Dr Jekyll and Mr Hyde 1913

Director: Herbert Brenon
"In the dead silence of the night, Dr Jekyll plans to set free his evil self..."
A pious Dr Jekyll unleashes a comically bizarre Hyde in this seldom-seen version. It bears the proud distinction of being the first real horror movie released by the studio that was later to become Universal Pictures.

When not with his sweetheart Alice, Dr Jekyll devotes his time to his many charity patients, though his real interest lies in his theories about separating Man's good and evil natures. He explains his ideas to his colleagues Utterson and Lanyon, who casually dismiss them; but later that night, Jekyll successfully frees Hyde, his evil self. Hyde soon secures lodgings of his own where he is free to pursue his debauched activities. Later, when he violently beats a crippled boy in the street, angry bystanders force him to pay for the boy's treatment.

Jekyll eventually begins to transform into Hyde without the aid of the drug. He resolves to end his relationship with Alice and write out a will, making Hyde the sole benefactor. But after Hyde kills a visitor at Alice's home, Jekyll begs Lanyon's help and so is obliged to reveal his secret. Hyde narrowly evades capture several more times, before discovering to his horror that he has used up the last of the antidote...

IMP (Independent Motion Pictures) was the film company founded by Carl Laemmle in 1909 in protest against being excluded from Thomas Edison's Motion Picture Trust, which was formed that same year. Laemmle was later instrumental in breaking the Trust's monopoly on film distribution, and was among the first studio heads to establish a base in Hollywood. More significantly, IMP later morphed into Universal pictures, so one can argue that here lies the first ever Universal Horror film.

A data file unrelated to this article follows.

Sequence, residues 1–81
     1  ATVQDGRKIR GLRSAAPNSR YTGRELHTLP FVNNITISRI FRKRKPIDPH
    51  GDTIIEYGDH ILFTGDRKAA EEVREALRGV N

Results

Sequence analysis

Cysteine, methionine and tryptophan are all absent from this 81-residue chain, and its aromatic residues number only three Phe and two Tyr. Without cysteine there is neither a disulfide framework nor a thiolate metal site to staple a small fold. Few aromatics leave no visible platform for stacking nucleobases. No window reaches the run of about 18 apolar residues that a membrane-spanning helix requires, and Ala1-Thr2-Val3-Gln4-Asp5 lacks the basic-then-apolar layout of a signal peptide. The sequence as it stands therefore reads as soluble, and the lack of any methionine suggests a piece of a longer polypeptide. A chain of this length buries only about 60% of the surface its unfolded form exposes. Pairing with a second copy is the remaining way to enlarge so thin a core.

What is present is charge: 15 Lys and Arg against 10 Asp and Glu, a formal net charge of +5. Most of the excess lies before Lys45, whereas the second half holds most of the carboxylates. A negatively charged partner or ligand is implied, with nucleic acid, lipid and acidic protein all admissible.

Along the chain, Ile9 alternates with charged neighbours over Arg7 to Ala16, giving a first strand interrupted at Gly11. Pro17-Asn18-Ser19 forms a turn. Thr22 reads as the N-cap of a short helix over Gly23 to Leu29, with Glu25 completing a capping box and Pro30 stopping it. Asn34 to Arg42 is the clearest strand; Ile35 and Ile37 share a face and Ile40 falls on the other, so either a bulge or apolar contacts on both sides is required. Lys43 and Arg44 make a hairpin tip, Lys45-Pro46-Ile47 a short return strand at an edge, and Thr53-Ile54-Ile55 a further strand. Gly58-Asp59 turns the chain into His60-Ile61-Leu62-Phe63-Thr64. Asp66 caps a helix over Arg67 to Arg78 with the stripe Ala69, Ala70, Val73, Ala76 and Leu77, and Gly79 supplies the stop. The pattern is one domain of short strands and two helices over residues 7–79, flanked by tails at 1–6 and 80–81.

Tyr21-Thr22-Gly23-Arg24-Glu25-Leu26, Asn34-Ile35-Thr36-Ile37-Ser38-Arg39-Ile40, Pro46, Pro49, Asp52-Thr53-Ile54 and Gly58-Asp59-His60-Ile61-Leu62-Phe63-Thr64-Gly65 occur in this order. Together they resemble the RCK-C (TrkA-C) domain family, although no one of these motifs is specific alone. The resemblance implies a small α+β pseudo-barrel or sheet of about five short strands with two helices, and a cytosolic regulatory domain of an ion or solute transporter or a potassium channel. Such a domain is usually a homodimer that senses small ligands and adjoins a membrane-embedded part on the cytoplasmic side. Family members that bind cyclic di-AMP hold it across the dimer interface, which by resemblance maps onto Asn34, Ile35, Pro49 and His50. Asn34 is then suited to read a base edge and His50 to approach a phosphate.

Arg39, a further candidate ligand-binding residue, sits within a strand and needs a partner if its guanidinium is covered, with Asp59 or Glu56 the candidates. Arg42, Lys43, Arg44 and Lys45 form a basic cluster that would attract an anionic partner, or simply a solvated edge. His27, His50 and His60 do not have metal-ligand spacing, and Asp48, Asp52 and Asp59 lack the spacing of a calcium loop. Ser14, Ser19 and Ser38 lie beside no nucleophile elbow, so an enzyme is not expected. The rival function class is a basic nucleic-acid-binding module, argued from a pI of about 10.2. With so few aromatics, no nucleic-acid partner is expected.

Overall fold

King Baggott as Jekyll holds the mob at bay
A longer running time than previous quickie versions allows some flesh to be added to the bare bones of the story, but the production rarely rises above the conventional, and is hampered to a great extent by it's star. While the hugely popular King Baggot (IMP's biggest attraction, hailed at the time as "The Most Photographed Man In The World") makes a suitably upstanding and pious Jekyll, his Hyde is a buck-toothed, twitching travesty who spends most of the film bent double as though inhabiting the back of a pantomime horse. It's hard to imagine how even the least sophisticated movie-goer of 1913 would be able to take him seriously.

Nevertheless, this version of Jekyll and Hyde reportedly did well at the box-office. Its Director, ex-pat Dubliner Herbert Brenon, would find greater recognition when his drama Sorrell and Son got a nomination at the first Oscar ceremony in 1929He'd directed Lon Chaney, Sr. in Laugh, Clown, Laugh the year before.

At around the time the IMP Jekyll and Hyde was on general release, a rival British production from Kineto-Kinemacolour also appeared. This version used an early colour system involving two interlocking red and green projectors. The cumbersome equipment required to show it meant that the film received only limited distribution.

End Credits:
King Baggot (Jekyll/Hyde), Jane Gail (Alice), Matt Snyder (Alice's father), Howard Crampton (Dr Lanyon), William Sorelle (Utterson)
Producer: Carl Laemmle, Screenplay: Herbert Brenon. Based on the novel by R.L. Stevenson
Running Time 33 mins.

Dr Jekyll and Mr Hyde 1911 and 1913 (Retroflix)

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